How Close Is The Industry To A Cookieless Future

AUTHOR

hparker

DATE

May 18, 2022

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Noteworthy News of the Week:

I came across Chris Kelly’s article in Marketing Dive on How prepared is the ad industry for a cookieless future?”

I giggled first, and then my mood shifted a bit, but here’s a recap:

  • The Interactive Advertising Bureau and other industry trade groups have warned that $10 billion of annual sell-side revenue is at risk if the ad industry doesn’t prepare for a cookieless future. Some advertisers have already begun to shift tactics and budgets away from third-party cookies and towards first-party data.
  • While knowledge gaps increasing, several studies show that brands, agencies, and publishers recognize that changes to how they target, measure, and attribute must change, sooner than later. The real work will be figuring out the right formula for cookieless solutions.
  • Google’s Privacy Sandbox is likely to include proposals like Topics, which would use a user’s browser to determine a handful of topics that correspond to the user’s top interests. But the inner workings of Topics are often too technical for ad industry figures.
  • First-party data is expected to be a major part of the cookieless future, and many companies are testing cohort- and contextual-based data for targeting and measurement. The shift will lead to more algorithmic, data-driven models for attribution and measurement.
  • First-party data is not a panacea that can replace third-party cookies. It may prove to have less or different value to other companies in the advertising supply chain due to the way individual publishers define their audiences.
  • The changing data privacy landscape will impact targeting, measurement, and attribution, as well as the biddable inventory across open web, programmatic and social environments. Clients will shift towards private marketplace deals and direct buys, including closed ecosystems including walled gardens, and retail media networks.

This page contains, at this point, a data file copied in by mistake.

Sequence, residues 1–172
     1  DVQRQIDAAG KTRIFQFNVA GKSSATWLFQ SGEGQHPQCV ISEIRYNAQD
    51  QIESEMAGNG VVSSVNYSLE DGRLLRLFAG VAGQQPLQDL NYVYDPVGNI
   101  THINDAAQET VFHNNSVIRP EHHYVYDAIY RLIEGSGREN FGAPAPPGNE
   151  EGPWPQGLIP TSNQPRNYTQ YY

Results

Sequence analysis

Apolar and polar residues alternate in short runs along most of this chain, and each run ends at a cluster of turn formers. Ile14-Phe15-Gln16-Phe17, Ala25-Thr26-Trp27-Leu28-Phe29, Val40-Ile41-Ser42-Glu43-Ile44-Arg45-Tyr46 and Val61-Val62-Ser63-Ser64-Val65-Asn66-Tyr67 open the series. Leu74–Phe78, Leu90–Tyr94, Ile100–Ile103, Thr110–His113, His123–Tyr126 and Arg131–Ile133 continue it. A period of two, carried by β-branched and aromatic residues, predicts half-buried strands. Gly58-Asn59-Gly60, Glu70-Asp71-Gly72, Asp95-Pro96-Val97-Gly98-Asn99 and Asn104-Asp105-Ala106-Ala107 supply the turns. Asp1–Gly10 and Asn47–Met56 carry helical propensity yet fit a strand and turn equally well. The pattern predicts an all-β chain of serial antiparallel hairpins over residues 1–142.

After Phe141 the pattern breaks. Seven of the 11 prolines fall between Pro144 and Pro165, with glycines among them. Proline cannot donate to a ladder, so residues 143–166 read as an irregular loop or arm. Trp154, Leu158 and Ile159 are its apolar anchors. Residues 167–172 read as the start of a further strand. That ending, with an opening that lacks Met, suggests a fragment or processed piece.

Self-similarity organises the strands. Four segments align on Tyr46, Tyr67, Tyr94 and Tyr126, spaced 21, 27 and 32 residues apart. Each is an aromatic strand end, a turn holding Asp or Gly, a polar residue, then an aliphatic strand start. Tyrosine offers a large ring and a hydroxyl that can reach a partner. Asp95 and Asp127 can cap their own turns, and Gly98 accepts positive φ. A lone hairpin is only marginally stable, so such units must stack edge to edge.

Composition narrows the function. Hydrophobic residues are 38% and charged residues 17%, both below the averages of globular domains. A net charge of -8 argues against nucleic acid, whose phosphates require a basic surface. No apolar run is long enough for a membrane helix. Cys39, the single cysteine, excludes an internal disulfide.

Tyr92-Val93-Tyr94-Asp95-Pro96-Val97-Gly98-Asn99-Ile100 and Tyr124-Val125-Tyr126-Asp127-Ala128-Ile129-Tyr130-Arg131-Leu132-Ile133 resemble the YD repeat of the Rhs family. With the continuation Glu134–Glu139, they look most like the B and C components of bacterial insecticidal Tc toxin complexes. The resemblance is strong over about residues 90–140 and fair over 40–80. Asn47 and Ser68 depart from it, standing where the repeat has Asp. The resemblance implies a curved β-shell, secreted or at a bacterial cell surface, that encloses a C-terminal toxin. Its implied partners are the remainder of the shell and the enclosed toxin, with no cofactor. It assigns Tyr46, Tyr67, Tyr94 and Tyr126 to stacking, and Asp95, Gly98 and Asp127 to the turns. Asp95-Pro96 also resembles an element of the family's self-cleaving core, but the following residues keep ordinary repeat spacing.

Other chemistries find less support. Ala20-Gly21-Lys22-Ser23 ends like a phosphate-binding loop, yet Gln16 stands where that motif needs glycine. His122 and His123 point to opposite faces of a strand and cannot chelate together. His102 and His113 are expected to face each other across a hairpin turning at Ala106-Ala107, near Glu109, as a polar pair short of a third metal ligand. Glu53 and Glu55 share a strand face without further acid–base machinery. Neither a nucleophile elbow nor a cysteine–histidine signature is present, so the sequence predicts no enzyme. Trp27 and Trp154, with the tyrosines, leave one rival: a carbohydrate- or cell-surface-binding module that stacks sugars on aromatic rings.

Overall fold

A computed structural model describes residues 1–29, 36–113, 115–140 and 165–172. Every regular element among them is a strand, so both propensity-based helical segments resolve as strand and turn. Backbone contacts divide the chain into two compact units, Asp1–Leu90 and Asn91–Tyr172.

• The cookieless landscape is possible, but not easy, especially for CMOs more comfortable with the higher-level picture. One or two people within your organization should translate technical conversations.

Actionable Insight:

This is a great reminder of the current state of our industry when it comes to our journey toward third-party cookie deprecation. Chris does an amazing job explaining where we are, what we understand, and how cloudy the future still looks ahead.

What can you do with this information?

  1. How knowledgeable are you on the current state of the industry? It could be as simple as attending privacy-first webinars or requesting training meetings with your DSP team or AdTech partner, or reading articles update. This is becoming more and more important, and it should be prioritize.
  2. Evaluate different solutions including holding current partners accountable: Are you fully set up to mine first-party data? Are you fully set up to measure all touchpoints of your customer journey?
  3. What other tactics have you considered or tested so far? We’ve talked previously about looking at this as a mix of different solutions and moving away from looking for a 1-1 solution to cookiepocalypse. The key thing is to get started on implementing new tactics to support your overall strategy, including audience precision. Contextual tactic should be part of the many tactics you looking into.
  4. On the Programmatic Digest podcast, I had the pleasure of interviewing Kevin Bauer from the Prohaska Consulting, and here”s what he had to say:
    • 1. Pick 2-3 data points that are important and will move the needle for you

    • 2. Make sure those data points can be attributed to individual consumers or clients, not channels or cookies,

    • 3. Then, make sure you’re measuring real people you’re looking for while seeing your dollars well-spent or not.

I strongly recommend listening to episode 83 Creating Sanity For Marketers In The Cookiepocalypse as he explained and really give major tips on how to focus on what’s important and how have clarity in the midst of it all.

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